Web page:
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The term isn't loaded - the mathematical definition is quite simple and correct. And that is where the term originally comes from, and it's properties in the mathematical case that were the reason for using this term.

If an object is moved in a grid that is orthogonal, it will never affect anything that is in a different "line", especially not values that are orthogonal to it. If you expand that to the mathematical vector definition, it keeps each "line" different from each other.

Let's call one line "damage". If you change the damage values in one game, it will affect how other values like Armor behave - so those values are NOT orthogonal to each other.

If you want to balance a game, changing values that affect each other multiplies the balancing workload a lot, because each change of a value will cause need to correct all dependent values.

But if you change values that are independent of each other - orthogonal to each other - then you don't need that much balancing work to correct everything.

Most games start with balancing the damage dealer - how strong should each attack be, how much HP should each unit have, how much should the armor reduce the damage.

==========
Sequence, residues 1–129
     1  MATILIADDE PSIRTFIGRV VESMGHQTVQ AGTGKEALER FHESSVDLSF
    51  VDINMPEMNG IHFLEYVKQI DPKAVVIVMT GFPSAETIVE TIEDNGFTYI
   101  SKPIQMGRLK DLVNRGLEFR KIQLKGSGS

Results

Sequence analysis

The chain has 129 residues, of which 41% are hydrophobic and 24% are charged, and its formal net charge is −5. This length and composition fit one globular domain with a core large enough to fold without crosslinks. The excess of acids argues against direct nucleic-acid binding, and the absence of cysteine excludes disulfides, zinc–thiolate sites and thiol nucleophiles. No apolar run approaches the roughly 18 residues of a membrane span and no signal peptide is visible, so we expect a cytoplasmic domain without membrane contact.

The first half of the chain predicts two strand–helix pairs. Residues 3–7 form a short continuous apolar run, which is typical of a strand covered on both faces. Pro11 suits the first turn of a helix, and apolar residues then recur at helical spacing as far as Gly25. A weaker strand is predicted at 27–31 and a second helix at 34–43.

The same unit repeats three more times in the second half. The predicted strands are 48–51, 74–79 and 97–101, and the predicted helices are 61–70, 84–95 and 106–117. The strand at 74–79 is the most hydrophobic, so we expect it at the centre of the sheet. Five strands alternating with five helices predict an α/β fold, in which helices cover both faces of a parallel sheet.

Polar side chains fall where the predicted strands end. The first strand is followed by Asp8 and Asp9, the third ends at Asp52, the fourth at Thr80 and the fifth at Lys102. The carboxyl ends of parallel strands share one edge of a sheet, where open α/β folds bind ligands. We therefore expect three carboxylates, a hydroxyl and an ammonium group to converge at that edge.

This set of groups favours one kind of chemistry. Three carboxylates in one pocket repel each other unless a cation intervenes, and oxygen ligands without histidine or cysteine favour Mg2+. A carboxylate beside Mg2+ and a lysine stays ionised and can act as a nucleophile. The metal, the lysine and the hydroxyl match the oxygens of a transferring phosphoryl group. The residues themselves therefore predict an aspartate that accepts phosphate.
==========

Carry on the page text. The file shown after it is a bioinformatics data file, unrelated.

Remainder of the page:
If you now add healing of HP into it, it will not change the damage equations, only increase or decrease the length of combat by available HP. So you can balance the healing independently of the damage dealer in most combat systems. That is the mathematical definition of values independent/orthogonal to each other.

And that's exactly the same reason for the definition of orthogonal in buildings - as long as the walls are orthogonal to each other, increasing the wall in one direction will not require more materials for the wall in the other direction. If the walls were not orthogonal to each other (say you're constructin a triangle building), then lengthening one wall will require you to lengthen the other walls as well, because they would no longer connect otherwise.